Best practices for door-to-door alarm sales

Alarm industry pros tell SIW about 26 tips that work for door-to-door sales of security systems

Measure integrity. Believing that integrity is effected top-down, APX surveys individuals who work for and with managers, including sales representatives, technicians, and workers from the corporate office. They even interview individual customers. "If the snake is going to be good, we have to make sure the head of the snake is who we want," explained APX's Brenchley.

Recognize the three objections that will block your sales. Per Brenchley, the three objections are as follows: I don't want it; I can't afford it; or I don't need it.

Provide customers the ability to finance the program. Especially today, customers are not willing to lay out a lot of upfront money for their security alarm system.

Encourage objections. Brenchley said that people who don't provide objections to the security system are often the same ones who cancel they system. "They often haven't thought it out," he says.

Perform a NEADS analysis when dealing with potential customers who are working with a competitive monitoring firm. NEADS equals Now, Enjoy, Alter, Decision, Solution. Now: Ask them what they have now. Enjoy: Ask them what they enjoy. Alter: Find out what they want to alter. Decision: Identify who can make the decision. Solution: Present the solution.

Explain everything in writing. Nothing makes a potential door-to-door customer more comfortable than having everything in writing. This means contracts, marketing materials, and anything else you think you might need.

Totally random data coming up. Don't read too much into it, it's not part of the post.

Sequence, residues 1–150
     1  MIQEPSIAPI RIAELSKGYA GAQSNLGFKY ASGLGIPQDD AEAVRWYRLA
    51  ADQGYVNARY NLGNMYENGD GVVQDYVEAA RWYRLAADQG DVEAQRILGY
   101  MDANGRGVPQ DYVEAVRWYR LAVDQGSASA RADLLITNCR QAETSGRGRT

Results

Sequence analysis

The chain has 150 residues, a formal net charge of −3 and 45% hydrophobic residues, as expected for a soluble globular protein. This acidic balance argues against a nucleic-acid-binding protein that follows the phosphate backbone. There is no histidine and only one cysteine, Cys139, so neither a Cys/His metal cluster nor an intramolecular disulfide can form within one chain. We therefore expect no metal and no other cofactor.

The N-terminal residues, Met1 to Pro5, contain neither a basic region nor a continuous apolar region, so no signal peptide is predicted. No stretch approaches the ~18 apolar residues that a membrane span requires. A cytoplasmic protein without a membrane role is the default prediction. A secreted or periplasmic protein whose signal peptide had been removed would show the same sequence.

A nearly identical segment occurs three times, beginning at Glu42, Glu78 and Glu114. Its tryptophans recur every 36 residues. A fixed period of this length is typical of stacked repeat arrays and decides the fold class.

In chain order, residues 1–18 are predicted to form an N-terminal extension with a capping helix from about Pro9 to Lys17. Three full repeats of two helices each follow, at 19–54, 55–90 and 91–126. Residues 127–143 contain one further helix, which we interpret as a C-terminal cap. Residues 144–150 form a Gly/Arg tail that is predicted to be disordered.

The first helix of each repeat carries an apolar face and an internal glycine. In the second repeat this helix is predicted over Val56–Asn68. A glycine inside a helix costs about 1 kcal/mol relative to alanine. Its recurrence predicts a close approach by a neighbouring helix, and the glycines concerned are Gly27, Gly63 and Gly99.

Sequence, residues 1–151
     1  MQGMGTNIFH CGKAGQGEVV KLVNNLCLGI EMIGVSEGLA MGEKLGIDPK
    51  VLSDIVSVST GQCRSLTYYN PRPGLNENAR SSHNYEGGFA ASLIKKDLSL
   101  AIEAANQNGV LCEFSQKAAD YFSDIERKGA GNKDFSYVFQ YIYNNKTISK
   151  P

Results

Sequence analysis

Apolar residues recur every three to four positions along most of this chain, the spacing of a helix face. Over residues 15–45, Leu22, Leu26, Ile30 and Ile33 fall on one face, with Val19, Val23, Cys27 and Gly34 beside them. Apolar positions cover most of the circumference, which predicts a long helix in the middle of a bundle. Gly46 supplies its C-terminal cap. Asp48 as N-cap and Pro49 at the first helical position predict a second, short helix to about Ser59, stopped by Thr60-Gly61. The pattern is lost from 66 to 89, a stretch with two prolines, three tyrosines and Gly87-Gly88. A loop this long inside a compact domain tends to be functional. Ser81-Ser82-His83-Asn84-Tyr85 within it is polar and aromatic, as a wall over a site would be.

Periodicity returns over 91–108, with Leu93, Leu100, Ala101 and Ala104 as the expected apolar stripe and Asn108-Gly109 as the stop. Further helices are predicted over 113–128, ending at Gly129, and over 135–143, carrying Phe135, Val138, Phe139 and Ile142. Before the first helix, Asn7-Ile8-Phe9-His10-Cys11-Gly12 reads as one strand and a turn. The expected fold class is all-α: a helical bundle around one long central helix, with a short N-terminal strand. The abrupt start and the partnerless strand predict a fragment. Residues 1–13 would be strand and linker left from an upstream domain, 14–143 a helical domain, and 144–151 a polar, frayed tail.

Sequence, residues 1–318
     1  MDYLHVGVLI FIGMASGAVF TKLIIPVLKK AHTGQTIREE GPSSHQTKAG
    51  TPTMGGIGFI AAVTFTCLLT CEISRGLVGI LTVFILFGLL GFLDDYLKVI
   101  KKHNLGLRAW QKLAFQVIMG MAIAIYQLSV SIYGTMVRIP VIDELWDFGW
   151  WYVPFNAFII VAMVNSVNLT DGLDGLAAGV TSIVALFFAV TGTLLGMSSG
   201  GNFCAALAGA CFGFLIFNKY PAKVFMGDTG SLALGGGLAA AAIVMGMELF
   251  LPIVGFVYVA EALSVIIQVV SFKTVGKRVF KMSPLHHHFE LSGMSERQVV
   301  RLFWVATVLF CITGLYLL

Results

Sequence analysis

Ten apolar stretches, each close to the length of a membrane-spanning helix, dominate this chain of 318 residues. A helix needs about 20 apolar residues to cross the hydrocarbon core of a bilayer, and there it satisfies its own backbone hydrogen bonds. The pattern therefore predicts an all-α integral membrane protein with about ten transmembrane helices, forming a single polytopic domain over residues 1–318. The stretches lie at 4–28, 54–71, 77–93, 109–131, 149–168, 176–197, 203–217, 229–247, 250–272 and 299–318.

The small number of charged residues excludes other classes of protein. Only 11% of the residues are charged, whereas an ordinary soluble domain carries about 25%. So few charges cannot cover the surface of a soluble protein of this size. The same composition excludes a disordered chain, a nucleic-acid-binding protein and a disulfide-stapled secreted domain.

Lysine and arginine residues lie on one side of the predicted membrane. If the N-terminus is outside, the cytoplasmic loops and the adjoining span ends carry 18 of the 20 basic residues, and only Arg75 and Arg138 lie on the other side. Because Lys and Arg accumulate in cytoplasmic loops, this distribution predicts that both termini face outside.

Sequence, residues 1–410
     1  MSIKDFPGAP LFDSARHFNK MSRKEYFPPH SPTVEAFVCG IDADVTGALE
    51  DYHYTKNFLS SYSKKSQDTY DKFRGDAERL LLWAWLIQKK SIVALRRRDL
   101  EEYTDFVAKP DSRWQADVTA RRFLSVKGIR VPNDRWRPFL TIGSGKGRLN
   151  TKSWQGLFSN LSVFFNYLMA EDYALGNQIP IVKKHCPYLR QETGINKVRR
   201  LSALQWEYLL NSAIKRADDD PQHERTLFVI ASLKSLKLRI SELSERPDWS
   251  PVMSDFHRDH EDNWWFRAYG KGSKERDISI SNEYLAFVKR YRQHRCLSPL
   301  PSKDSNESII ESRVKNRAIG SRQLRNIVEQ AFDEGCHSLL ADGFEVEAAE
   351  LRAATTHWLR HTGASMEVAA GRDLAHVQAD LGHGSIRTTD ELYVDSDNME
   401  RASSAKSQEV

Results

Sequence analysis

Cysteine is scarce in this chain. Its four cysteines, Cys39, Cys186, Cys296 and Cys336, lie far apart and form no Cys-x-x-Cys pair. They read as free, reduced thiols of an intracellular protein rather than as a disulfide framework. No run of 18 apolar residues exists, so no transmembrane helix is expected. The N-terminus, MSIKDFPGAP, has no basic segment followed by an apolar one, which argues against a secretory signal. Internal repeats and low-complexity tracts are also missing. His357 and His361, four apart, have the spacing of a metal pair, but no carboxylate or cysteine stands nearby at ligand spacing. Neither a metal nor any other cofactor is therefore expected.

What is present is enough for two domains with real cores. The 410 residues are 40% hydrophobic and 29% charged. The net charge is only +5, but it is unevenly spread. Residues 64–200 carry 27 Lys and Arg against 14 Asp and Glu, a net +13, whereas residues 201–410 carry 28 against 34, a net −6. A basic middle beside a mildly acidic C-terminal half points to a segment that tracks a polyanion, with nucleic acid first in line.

Pre-survey your customers. This is important for selling to existing users of security systems. "We ask them point-blank if they have an existing alarm system," said Brenchley. "Make sure they are aware of cancellation policies [for the existing system] and that those [fees, cancellation processes] are up to them."

Set conditions for customers. Brenchley says that APX uses the following conditions: 1. If they are renter, APX moves on to another potential customers. 2. If they are in the initial term with another security provider, they move on. Only if they are outside the initial contract (i.e., in a renewal situation), do they continue to approach that customer. Other companies simply will not touch customers who are in any sort of contract (initial or renewed), and they will only pursue those existing customers who are already on a month-to-month program.

Adopt the ESA Code of Ethics. Both ADT and APX have publicly signed the code of ethics, and Strade says that the company requires their dealers to sign it. All of their sales representatives have to sign it as well. "We don't have a lot of tolerance for dealers that violate it," he explains. The code of ethics was also signed publicly at ISC West 2010 by Protection One, Pinnacle Security, Broadview Security (now part of ADT), Monitronics, Moon Security Services and Smoky Mountain Systems as a show of support for the code of ethics. For full info on the ESA code of ethics, go here.

Know when to walk away. Willie Nelson was right if you take Strade's advice. He explains: "Walking away is a fine line. You want to be persuasively persistent. It is a judgment call to know when 'no' is the last 'no.'"

Respond quickly to customer reports that a salesperson came on too strong. The first step might be through the sales person's immediate sales manager, but Strade says ADT will even move major personnel issues all the way up to executive leadership if the situation warrants it.

Recognize that your direct sales people are going to be easier to manage than your dealer channel (if you use a dealer channel). Just for the fact that their paychecks come directly from you, you'll find it easier to manage and implement changes with your direct sales team. The level of separation between your company and your dealers' sales people often means that most of the problems will crop up in that dealer model – if those problems are going to crop up at all.

Identify your sales people. Uniforms aren't always practical, but at the very least, sales people need business cards. If you can, implement a company-issued photo ID badge. Some states and local ordinances require photo ID (a requirement that has appeared only in recent years, for the most part).